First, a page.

Really, View From the Top is one big joke, and that joke is as old as it is obvious. How cutting edge is it to make fun of flight attendants anyway? The movie has nothing new to say about them. It assumes that all flight attendants fall into one of two categories: 1.) those who are world-class snobs; or 2.) those who are rubes, trying to escape dead-end lives by handing out warm nuts and beverages. I think screenwriter Eric Wald and director Bruno Baretto wanted to make the point that traveling the world means nothing unless you have a home (and a family) to come back to. It’s a nice message, but it is put across in an unoriginal way.

I think the film could have been improved by deciding what it wanted to be. The tone shifts back and forth between outrageous wackiness and heartfelt earnestness. I was never sure how seriously the picture wanted me to take it. For example, there are many scenes involving Donna getting all misty-eyed trying to decide whether to follow her dream of seeing the world or stay with Ted. There are just as many scenes featuring John Whitney (Mike Myers), a regulation obsessed trainer for Royalty. Myers was clearly allowed to improvise his entire role. He plays Whitney with crossed eyes and an anal-retentive streak that would have had Sigmund Freud tied up in knots. So one minute, View From the Top is trying to be an affecting female-empowerment tale about wacky, tacky women living their dreams, and the next minute it looks like outtakes from an Austin Powers movie. At the most basic level, the movie is a mess.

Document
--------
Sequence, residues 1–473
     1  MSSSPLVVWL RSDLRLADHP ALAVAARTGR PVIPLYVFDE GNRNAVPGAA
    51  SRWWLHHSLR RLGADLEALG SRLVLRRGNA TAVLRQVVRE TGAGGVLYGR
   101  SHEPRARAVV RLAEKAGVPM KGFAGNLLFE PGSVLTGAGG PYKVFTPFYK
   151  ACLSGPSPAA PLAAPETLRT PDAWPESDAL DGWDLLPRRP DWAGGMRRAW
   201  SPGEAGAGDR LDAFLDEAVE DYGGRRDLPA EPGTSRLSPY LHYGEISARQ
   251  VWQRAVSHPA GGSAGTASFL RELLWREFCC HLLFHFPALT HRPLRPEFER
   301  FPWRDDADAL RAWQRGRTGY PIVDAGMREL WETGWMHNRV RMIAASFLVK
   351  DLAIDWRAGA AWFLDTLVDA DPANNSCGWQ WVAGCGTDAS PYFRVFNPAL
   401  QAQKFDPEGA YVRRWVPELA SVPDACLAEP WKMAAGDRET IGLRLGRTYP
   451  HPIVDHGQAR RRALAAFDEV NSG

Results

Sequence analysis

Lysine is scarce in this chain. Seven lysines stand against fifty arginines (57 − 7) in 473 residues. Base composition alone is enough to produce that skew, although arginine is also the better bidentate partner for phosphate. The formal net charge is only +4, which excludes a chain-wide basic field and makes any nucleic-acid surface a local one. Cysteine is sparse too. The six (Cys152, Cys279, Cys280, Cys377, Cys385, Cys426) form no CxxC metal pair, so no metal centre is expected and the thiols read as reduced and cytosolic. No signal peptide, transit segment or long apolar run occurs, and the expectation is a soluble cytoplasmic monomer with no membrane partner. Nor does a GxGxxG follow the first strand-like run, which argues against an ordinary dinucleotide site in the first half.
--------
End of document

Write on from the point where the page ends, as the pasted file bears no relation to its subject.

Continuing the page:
There’s a good cast here. Paltrow has done many fine films, Applegate is (I believe) a solid comedic actress, and Myers is a genius. However, they are stuck in a movie that doesn’t know what to do with them. The uneven script alternates between believing the characters are stupid and believing they are lovable. Or perhaps it just assumes that wearing tacky clothing and acting like a hick makes one inherently lovable. Clearly, the movie envisions itself as an airborne Legally Blonde, yet it lacks that film’s underlying intelligence and wit.

Looking back, I see I have repeatedly used certain words in this review: tacky, clichéd, uneven. All of them apply. I could add “unfunny” to that list. Movies, in general, work to inspire us. You seldom get downbeat tales about people trying to follow their dreams and failing. I have no problem with a story about a poor trailer park girl who fulfills her fantasy of seeing the world. What I despise is that View From the Top never makes that idea believable. The way it presents the characters made be believe none of them would ever be capable of handing any task that didn’t end with the question “would you like fries with that?”.

( 1/2 out of four)

View From the Top is rated PG-13 for language/sexual content. The running time is 1 hour and 27 minutes.